Direct Manipulation Interface
In computer science, direct manipulation is a human–computer interaction style which involves continuous representation of objects of interest and rapid, reversible, and incremental actions & feedback. The intention is to allow a user to directly manipulate objects presented to them, using actions that correspond at least loosely to the physical world. An example of direct-manipulation is resizing a graphical shape, such as a rectangle, by dragging its corners or edges with a mouse.
Having real-world metaphors for objects and actions can make it easier for a user to learn and use an interface (some might say that the interface is more natural or intuitive), and rapid, incremental feedback allows a user to make fewer errors and complete tasks in less time, because they can see the results of an action before completing the action, thus evaluating the output and compensating for mistakes.
The term was introduced by Ben Shneiderman in 1983 within the context of office applications and the desktop metaphor. Individuals in academia and computer scientists doing research on future user interfaces often put as much or even more stress on tactile control and feedback, or sonic control and feedback than on the visual feedback given by most GUIs. As a result the term has been more widespread in these environments.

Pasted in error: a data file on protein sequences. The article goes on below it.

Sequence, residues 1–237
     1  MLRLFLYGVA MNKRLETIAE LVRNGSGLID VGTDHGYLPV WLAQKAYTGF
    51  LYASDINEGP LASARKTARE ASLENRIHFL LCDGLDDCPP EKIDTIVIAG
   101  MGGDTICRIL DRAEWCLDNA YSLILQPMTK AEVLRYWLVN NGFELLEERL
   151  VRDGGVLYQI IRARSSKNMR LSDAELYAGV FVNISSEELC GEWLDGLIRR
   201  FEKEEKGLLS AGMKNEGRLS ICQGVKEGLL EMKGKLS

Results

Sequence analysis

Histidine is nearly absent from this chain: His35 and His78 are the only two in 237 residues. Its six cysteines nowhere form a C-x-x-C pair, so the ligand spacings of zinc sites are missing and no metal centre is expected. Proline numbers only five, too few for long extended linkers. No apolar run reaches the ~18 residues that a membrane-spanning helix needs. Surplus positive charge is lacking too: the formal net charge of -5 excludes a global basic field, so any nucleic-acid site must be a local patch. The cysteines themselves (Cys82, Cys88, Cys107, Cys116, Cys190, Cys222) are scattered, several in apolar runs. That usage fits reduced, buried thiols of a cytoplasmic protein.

Other articles related to "direct manipulation interface, direct manipulation, interface":
... of objects and cameras, light placement, and other effects, direct manipulation is an extremely important part of 3D computer graphics ... There are standard direct manipulation widgets as well as many unique widgets that are developed either as a better solution to an old problem or as a solution for a new and/or unique ... Direct manipulation, as well as user interface design in general, for 3D computer graphics tasks, is still an active area of invention and innovation, as the process of generating CG images is ...
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